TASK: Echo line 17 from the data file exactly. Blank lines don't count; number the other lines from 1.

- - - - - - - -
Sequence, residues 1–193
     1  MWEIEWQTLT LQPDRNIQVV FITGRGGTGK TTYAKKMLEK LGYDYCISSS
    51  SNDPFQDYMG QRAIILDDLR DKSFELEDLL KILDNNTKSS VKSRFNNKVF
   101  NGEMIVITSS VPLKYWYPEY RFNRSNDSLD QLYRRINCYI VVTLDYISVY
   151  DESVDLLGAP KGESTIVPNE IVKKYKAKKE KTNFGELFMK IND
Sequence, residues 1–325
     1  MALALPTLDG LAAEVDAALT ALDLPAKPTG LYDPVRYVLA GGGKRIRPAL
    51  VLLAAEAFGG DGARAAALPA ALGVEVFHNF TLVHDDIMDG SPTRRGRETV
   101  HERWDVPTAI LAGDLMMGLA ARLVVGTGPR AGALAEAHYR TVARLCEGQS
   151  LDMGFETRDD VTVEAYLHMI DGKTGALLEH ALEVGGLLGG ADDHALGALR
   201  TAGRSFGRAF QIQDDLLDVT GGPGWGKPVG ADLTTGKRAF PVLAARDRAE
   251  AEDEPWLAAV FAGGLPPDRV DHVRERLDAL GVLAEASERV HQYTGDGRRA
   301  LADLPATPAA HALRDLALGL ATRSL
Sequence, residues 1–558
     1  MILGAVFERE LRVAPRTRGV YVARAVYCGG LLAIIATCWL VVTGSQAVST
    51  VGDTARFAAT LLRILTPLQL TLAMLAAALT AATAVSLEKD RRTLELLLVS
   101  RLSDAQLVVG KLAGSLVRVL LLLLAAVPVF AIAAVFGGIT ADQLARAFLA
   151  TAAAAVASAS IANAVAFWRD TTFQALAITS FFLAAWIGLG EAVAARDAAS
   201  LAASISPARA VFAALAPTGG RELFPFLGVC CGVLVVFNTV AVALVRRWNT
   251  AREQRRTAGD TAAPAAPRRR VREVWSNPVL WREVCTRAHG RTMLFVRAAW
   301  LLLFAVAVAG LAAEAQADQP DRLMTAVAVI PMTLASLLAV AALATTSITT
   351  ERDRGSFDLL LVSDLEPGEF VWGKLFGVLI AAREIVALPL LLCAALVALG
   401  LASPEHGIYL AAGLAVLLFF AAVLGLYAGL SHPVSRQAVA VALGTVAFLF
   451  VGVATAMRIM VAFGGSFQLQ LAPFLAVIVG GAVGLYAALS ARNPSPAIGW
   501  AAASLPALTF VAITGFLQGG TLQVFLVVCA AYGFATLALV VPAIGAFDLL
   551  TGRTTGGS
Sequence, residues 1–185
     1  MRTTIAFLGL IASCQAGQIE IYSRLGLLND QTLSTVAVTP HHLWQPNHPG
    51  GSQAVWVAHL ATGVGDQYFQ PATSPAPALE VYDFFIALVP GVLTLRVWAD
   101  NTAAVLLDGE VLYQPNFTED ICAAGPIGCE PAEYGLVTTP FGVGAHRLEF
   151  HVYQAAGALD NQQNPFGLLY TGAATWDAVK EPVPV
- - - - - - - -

   101  RLSDAQLVVG KLAGSLVRVL LLLLAAVPVF AIAAVFGGIT ADQLARAFLA